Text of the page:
GUIDE: How to (hopefully) get your files back from your broken PC.

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This is a work-in-progress.

This guide is intended for the Windows operating system, and the methods found here may or may not work with other operating systems. For the time being, it will be assumed that DESKTOP systems are involved, until I can add more info for dealing with laptops. This guide is NOT intended to help with physical hard drive failures, or accidental file deletion/formatting/partitioning issues. That's a Guide for a different day <img src="i/expressions/face-icon-small-happy.gif" border=0>

Also, if your hard drive seems to be making new, unusual noises, it may be about to physically fail. You should turn the system off and seek help from a qualified professional under these circumstances.

Here's a typical posting seen here in the computer forum:

[Q]HELP!!! My computer was working fine, but the next time I tried to turn it on, I couldn't get into Windows! How do I get my files back?
First of all, don't panic. Unless you've had a catastrophic, physical hard disk failure, the odds of getting all of your files back are actually quite good! Worry about recovering your data FIRST, then worry about fixing your computer LAST.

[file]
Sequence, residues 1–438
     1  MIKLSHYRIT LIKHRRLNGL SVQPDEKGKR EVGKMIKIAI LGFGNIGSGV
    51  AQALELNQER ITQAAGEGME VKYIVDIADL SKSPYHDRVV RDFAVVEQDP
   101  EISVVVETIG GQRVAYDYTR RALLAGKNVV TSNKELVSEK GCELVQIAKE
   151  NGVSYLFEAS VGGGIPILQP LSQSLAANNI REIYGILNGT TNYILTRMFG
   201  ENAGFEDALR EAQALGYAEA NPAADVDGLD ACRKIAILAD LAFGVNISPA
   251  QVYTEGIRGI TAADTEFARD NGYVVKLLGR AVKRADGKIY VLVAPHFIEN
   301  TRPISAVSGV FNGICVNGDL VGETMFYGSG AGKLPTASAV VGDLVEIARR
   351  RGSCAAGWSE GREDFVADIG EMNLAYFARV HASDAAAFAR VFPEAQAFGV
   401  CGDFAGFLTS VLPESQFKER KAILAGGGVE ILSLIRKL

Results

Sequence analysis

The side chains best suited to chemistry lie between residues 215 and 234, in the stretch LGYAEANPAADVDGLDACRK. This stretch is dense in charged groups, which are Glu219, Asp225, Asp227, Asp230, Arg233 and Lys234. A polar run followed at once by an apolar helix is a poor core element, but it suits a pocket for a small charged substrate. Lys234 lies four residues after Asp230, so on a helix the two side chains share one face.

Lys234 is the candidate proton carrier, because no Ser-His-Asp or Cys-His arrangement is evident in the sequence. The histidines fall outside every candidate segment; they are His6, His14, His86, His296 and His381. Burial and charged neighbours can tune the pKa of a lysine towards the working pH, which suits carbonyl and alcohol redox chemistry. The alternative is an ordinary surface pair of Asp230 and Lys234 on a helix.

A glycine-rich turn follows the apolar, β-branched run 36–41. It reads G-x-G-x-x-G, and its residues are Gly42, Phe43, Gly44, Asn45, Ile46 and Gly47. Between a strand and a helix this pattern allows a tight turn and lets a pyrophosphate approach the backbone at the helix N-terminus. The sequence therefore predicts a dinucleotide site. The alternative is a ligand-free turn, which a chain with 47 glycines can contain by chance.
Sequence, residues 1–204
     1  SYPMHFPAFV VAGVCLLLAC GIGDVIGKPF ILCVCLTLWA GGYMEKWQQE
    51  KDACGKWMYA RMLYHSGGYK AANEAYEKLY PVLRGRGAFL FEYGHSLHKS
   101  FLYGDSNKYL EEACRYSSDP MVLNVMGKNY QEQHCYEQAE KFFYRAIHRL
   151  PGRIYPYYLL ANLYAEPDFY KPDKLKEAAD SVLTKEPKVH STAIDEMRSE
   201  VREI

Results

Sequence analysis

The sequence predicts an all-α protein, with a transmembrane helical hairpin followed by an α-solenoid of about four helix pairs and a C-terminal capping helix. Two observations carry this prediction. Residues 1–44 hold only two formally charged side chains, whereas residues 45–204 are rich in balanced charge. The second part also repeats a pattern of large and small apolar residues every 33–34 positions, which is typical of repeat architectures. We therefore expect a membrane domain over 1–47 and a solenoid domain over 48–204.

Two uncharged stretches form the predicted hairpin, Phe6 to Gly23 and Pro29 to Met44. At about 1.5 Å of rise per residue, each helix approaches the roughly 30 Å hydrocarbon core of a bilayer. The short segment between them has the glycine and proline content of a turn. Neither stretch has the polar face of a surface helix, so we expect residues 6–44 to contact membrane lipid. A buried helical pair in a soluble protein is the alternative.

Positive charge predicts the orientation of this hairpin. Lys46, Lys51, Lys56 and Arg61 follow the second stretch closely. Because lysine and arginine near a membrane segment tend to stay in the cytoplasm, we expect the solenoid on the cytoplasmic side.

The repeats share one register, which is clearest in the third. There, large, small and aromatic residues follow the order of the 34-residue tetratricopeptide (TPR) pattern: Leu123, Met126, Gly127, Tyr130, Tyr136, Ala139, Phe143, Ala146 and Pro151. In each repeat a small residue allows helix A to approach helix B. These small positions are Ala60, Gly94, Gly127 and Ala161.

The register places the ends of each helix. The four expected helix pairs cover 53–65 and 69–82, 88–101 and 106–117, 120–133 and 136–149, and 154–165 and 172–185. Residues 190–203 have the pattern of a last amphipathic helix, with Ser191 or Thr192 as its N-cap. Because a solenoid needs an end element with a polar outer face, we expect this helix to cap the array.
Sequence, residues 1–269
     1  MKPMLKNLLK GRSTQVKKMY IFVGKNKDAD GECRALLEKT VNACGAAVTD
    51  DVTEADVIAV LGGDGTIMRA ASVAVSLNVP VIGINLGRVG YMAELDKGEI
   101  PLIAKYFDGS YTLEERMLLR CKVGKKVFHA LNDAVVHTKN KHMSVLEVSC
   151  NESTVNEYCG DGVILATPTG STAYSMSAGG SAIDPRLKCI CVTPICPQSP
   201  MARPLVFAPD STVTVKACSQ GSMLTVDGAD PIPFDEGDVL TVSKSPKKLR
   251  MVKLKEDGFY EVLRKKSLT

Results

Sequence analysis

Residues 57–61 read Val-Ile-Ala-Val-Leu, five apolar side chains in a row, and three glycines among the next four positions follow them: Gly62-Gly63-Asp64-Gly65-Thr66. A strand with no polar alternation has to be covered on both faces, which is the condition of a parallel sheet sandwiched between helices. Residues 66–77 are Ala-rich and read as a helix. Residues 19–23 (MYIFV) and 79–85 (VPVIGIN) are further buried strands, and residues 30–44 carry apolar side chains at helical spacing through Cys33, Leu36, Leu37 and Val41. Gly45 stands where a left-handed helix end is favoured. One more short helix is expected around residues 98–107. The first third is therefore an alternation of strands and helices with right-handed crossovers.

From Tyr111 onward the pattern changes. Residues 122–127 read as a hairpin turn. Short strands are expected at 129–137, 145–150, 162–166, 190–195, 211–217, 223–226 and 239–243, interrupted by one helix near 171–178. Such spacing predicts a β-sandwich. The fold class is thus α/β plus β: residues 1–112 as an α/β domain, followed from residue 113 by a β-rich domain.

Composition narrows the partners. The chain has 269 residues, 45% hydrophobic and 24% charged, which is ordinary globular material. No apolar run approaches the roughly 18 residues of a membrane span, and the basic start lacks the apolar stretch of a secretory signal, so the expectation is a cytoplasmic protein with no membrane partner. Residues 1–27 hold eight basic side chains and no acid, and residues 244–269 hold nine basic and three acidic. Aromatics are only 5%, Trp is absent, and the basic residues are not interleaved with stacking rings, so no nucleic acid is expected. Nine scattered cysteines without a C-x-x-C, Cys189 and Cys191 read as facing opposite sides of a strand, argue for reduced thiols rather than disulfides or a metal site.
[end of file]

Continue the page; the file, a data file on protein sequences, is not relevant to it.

The number one rule is: KNOW WHEN TO HIRE A PROFESSIONAL!

If you are at risk of losing data that you absolutely cannot live without, you should, without a doubt, hire a professional company with an excellent record of recovering data in even the most difficult of circumstances. One such company is Ontrack. They are considered by many to be the best in the data recovery industry. They routinely recover data from drives that have been in fires, floods, and other dire circumstances, including intentional sabotage. They are expensive, but this is the price you pay when you don't take the time to backup your files!

The number two rule is: "DON'T DO ANYTHING STUPID!"

Slow down, take a deep breath, and work on this in a logical manner, because these techniques, if not followed correctly, may actually result in making your problem worse! If you do not already have some experience working inside of computers, and installing and configuring of hard drives, you, too, should strongly consider finding a professional computer technician that has the knowledge and proper tools to recover your data!